A ‘dead’ home-equity tax deduction sees new life
President Donald Trump’s new tax law set off a false alarm for homeowners planning to borrow against the equity in their houses.
The legislation signed by Trump in December appeared to eliminate the deduction taxpayers get for the interest owed on home-equity loans, spooking the home remodeling industry whose customers often rely on the loans for projects. But after prodding from lobbying groups, the Internal Revenue Service clarified that borrowers could still use the deduction, as long as it’s for home improvements.
The IRS guidance on home-equity debt is just the latest example of the agency’s cleanup effort in the wake of the hastily passed law. Various industries and tax professionals are still struggling to understand its provisions and interpret lawmakers’ intentions on changes including the pass-through deduction and international tax measures.
Since the end of last year, the agency has issued press releases specifying that hedge fund managers can’t circumvent new carried interest rules with “S” corporations and that homeowners can deduct prepaid property taxes only in some instances.
Until the IRS statement late last month about the home-equity deduction, some housing groups including executives at the National Association of Home Builders said they didn’t think it was clear the home-equity deduction had survived, at least in part.
The NAHB sent Treasury Secretary Steven Mnuchin a letter at the end of January arguing that the tax law, as written, should allow interest from home-equity loans and home-equity lines of credit to be deducted as long as the homeowner used the money for home improvements. They said their interpretation was backed up by long-accepted standards in the tax code.
“As most major remodeling projects are financed using debt secured by the buyer’s home, the deductibility of interest paid on loans used to substantially improve a home is the lifeblood of the industry,” the letter said.
Eric Smith, an IRS spokesman, said the news release came in response to multiple inquiries rather than from a specific group. He said the statement clarified what the law already said rather than made new rules.
Robert Criner, a remodeler in Newport News, Virginia, said that after the law passed, he thought the deduction for home-equity loans and for so-called Helocs was dead. The ability to deduct Heloc interest is a deciding factor for some homeowners on how big a project to undertake or whether to do a remodel at all, according to Criner.
Throughout the tax-bill process “people were waiting to pull the trigger,” said Criner, which he attributed to the Heloc issue and to broader confusion about the bill. Criner said even after the IRS clarification, only about half of his customers realize that they can still deduct the interest.
The confusion stemmed from the law saying it was eliminating interest for “home-equity indebtedness.” Some borrowers, remodelers and others in the lending industry interpreted that as any kind of home-equity loan that taps equity to provide cash. But the tax code has long defined home-equity indebtedness as any kind of debt except loans taken out to acquire, construct or substantially improve a taxpayer’s residence.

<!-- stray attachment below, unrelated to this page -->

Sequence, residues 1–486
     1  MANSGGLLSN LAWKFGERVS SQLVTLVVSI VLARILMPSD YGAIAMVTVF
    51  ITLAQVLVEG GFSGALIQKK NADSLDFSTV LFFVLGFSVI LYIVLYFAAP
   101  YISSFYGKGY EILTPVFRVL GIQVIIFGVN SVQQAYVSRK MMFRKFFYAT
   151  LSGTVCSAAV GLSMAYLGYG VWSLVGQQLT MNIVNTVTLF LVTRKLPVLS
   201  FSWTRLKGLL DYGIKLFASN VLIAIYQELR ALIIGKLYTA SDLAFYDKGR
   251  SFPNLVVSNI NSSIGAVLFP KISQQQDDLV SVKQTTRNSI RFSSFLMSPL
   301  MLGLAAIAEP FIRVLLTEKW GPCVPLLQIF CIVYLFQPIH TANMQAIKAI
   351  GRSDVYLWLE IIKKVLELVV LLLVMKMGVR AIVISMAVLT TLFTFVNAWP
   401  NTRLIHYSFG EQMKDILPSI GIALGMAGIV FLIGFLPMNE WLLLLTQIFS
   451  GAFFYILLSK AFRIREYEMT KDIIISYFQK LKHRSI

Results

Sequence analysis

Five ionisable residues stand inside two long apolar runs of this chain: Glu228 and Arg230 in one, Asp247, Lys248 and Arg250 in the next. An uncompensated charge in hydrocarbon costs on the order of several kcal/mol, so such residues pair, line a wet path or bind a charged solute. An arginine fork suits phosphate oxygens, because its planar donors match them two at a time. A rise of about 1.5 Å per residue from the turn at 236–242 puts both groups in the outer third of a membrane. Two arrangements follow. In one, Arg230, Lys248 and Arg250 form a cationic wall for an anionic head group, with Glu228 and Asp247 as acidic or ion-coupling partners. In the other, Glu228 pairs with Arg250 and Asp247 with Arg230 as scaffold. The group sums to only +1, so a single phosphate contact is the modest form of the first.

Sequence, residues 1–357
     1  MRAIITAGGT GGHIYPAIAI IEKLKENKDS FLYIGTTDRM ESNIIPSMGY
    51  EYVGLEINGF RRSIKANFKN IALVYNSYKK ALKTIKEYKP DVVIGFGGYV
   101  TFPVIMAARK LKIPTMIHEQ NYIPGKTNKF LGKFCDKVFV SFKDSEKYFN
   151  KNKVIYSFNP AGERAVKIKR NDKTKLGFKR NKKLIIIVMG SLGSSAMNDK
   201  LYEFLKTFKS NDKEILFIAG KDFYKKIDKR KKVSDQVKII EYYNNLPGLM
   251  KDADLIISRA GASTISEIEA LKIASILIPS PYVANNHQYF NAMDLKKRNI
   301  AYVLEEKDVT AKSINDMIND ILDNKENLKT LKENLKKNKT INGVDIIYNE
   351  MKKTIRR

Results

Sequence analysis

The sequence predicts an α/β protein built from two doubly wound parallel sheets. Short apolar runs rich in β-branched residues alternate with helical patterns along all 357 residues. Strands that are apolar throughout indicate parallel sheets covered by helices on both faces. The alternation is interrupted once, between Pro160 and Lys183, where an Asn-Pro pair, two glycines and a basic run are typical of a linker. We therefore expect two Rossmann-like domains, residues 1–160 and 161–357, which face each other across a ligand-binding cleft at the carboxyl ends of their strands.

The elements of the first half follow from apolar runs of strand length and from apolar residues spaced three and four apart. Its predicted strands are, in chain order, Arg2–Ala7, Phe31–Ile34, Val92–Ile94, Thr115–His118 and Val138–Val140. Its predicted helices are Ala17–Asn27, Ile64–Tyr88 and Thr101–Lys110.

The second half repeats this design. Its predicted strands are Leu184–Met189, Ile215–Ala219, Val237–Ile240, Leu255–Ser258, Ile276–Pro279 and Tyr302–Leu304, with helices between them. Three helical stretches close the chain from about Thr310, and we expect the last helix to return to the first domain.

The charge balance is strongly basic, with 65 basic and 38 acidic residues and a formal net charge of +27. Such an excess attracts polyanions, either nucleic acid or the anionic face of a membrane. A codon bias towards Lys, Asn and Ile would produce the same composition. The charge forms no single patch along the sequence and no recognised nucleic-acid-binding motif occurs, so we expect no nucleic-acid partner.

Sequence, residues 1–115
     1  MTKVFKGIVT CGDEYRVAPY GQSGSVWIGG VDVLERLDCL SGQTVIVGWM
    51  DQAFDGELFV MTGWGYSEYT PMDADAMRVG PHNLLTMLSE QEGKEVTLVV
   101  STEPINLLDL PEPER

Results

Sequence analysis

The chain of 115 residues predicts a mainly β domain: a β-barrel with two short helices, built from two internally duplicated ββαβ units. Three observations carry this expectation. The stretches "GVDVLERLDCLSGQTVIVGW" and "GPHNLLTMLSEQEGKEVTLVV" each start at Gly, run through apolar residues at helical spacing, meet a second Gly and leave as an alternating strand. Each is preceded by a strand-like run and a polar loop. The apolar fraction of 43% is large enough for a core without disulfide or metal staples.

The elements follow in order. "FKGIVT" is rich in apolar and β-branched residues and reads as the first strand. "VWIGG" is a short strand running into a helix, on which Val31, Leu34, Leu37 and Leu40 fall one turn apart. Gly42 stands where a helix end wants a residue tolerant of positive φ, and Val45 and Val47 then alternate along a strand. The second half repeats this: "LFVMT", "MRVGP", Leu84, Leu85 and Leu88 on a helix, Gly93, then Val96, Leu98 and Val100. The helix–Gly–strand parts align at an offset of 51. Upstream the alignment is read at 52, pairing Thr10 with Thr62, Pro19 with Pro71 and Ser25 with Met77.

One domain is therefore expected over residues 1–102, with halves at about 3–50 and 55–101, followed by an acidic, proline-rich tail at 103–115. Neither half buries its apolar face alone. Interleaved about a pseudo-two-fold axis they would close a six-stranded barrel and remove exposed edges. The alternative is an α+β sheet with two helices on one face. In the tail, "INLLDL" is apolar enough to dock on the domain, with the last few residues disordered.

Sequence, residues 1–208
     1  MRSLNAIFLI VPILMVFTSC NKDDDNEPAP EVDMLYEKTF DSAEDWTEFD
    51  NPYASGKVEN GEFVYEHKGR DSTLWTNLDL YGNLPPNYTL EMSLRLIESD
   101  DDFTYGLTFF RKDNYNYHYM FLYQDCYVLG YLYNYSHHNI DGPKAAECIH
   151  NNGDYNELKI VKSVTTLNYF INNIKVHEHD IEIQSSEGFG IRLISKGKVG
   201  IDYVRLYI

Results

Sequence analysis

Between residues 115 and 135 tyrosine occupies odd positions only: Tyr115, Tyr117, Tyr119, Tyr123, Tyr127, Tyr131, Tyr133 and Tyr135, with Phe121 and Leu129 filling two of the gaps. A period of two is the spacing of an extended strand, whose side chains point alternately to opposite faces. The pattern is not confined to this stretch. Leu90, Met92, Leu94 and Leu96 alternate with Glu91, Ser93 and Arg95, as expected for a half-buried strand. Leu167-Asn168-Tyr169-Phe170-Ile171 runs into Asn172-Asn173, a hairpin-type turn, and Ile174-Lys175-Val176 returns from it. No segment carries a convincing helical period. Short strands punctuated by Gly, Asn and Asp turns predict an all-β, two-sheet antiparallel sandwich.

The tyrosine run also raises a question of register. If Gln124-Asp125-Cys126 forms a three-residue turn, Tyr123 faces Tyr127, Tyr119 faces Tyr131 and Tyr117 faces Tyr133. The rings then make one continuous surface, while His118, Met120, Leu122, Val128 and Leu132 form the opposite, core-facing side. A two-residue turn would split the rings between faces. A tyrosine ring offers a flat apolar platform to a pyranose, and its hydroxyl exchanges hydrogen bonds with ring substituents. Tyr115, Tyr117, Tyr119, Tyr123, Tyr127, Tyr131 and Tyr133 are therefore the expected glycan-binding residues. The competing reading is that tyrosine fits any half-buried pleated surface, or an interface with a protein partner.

So if a borrower uses the loan to build a new bathroom, it would qualify for the deduction, but if it’s used to consolidate credit card debt, it wouldn’t qualify, according to the IRS’s clarification.
In January, LendEDU, a comparison website for consumer financial products, surveyed 1,000 Americans who were home-equity loan borrowers, about half of whom said they used the money for home improvement. The company wanted to measure how aware they were that the new law limited home-equity deductibility.
The problem: None of the survey’s answers were correct. LendEDU falsely believed the new law completely killed the home-equity interest deduction, and the survey results were reported in several mainstream and industry publications.
LendEDU CEO Nate Matherson said the company would put a clarification at the top of the survey. Noting that the IRS hadn’t yet issued its guidance at the time of the survey, Matherson said, “At the time the survey was conducted, the methodology was accurate.”
The NAHB, a lobbying group that represents small home builders, believed it had a good case but still wasn’t completely sure that the IRS would agree with its interpretation, said David Logan, the association’s director of tax and trade policy analysis.
The home-equity interest deduction wasn’t a focus for the group last year when it was lobbying lawmakers on its bigger concerns with the bill – such as the doubling of the standard deduction. Still, once the law came out, there was concern that eliminating home-equity interest deductions would have a “massive detrimental effect on remodelers,” Logan said.
When the IRS agreed with the NAHB’s interpretation, Logan said the group’s remodelers were “exuberant.”